Jan 022014

In discussions of the relation between thought and action, much confusion comes about by trying to fit the two terms into endless theoretical configurations. Some say that thought must come before action, others that thought without action is meaningless. Or perhaps correct thought leads to correct action. But action, as experience, is necessary for thought, so thought is in some way dependent on action. Yet for action to occur, doesn’t there need to be a decision to act, and for a decision to occur doesn’t there first have to be a thought?

These are some of the ways in which we try to fit thought and action into a causal hierarchy in order to… well, in order to what? Is it at all certain that solving the puzzle in this way will lead to any practical benefit? Other than being able to state a theoretical maxim, “thought precedes action”, “action is the goal of thought”, or some other, what do we achieve? Nothing, it seems.

An interesting example is Slavoj Žižek…

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What is Radical? (Part I)

 by on December 19, 2013
Dec 192013

In her essay Anarchism: What It Really Stands For,1 Emma Goldman discusses anarchism–still a widely misunderstood idea–as the most progressive and just political project whose moment has arrived. At another time I’ll get into what this means, whether anarchism is still relevant today, and how it is different from libertarianism. For now, I want to briefly introduce the question, What is radical?, by looking at the following excerpt from Goldman’s essay: Someone has said that it requires less mental effort to condemn than to think. The widespread mental indolence, so prevalent in society, proves this to be only too true. Rather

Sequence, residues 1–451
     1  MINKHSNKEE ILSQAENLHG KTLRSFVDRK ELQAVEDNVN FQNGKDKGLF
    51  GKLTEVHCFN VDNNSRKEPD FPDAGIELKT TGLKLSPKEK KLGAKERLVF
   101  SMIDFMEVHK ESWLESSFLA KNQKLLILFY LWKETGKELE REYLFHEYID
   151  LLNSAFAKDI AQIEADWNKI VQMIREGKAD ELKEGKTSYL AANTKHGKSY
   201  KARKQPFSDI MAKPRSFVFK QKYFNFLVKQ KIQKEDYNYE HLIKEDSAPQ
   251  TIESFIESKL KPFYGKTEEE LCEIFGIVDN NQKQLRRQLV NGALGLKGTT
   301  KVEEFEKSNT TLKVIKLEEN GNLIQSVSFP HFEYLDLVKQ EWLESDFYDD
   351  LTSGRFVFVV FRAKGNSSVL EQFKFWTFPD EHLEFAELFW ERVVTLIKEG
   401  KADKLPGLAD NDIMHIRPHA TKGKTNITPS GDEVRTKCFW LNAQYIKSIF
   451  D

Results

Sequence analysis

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The Imagination of Evil

 by on December 7, 2013
Dec 072013

It has become quite the fad to criticize Hannah Arendt’s Eichmann in Jerusalem for not going far enough in its condemnation of Eichmann and for failing to identify sufficiently with the victims. Richard Brody has done it before and he expresses a similar critique again in his Hannah Arendt’s Failures of Imagination. He tells us how recently published interviews with Arendt confirm his criticisms of a cold, snobby intellectual who failed to condemn Nazism sufficiently.

I’ve read through the article several times to make sure I’m not missing anything, and it seems like Brody’s argument is this: Arendt lacks imagination in her characterization of Eichmann, which means she’s a snobby intellectual who doesn’t appreciate the gravity of Eichmann’s crimes, and her lack of emotion means she can’t understand the depth of evil done to Jews.

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Women and Logical Positivism

 by on December 2, 2013
Dec 022013

Brian Leiter doesn’t get the connection made by Mary Midgley between logical positivism and the representation of women in philosophy. Midgley’s point isn’t that logical positivism is objectively bad but that there is a tendency to turn philosophy into a boys club of arguments. This critique has been expressed again and again by, mostly female, philosophers. Perhaps the most famous example is Arendt, who makes the tension between genders in philosophy explicit in some of her interviews, connecting that tension with a broader theme of her work: the relationship between thinking and acting.

In pointing out the tendency of logical positivism to retreat into argumentation and competition, Midgley signals the more general tension between philosophy and practical concerns…

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